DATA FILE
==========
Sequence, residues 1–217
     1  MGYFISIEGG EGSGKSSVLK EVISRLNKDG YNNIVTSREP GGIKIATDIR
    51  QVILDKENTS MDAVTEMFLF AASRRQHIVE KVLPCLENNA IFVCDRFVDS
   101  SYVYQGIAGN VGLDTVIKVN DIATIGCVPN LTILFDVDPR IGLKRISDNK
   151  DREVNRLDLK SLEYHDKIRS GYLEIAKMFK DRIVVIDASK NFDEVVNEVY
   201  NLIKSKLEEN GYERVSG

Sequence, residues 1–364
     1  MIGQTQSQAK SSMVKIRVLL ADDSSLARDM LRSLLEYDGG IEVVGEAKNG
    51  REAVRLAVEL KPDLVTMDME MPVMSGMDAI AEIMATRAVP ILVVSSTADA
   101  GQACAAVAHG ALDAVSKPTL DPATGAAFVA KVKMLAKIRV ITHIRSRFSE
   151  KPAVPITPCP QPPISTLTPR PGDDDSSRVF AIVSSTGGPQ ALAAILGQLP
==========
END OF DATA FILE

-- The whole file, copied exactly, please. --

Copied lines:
Sequence, residues 1–217
     1  MGYFISIEGG EGSGKSSVLK EVISRLNKDG YNNIVTSREP GGIKIATDIR
    51  QVILDKENTS MDAVTEMFLF AASRRQHIVE KVLPCLENNA IFVCDRFVDS
   101  SYVYQGIAGN VGLDTVIKVN DIATIGCVPN LTILFDVDPR IGLKRISDNK
   151  DREVNRLDLK SLEYHDKIRS GYLEIAKMFK DRIVVIDASK NFDEVVNEVY
   201  NLIKSKLEEN GYERVSG

Sequence, residues 1–364
     1  MIGQTQSQAK SSMVKIRVLL ADDSSLARDM LRSLLEYDGG IEVVGEAKNG
    51  REAVRLAVEL KPDLVTMDME MPVMSGMDAI AEIMATRAVP ILVVSSTADA
   101  GQACAAVAHG ALDAVSKPTL DPATGAAFVA KVKMLAKIRV ITHIRSRFSE
   151  KPAVPITPCP QPPISTLTPR PGDDDSSRVF AIVSSTGGPQ ALAAILGQLP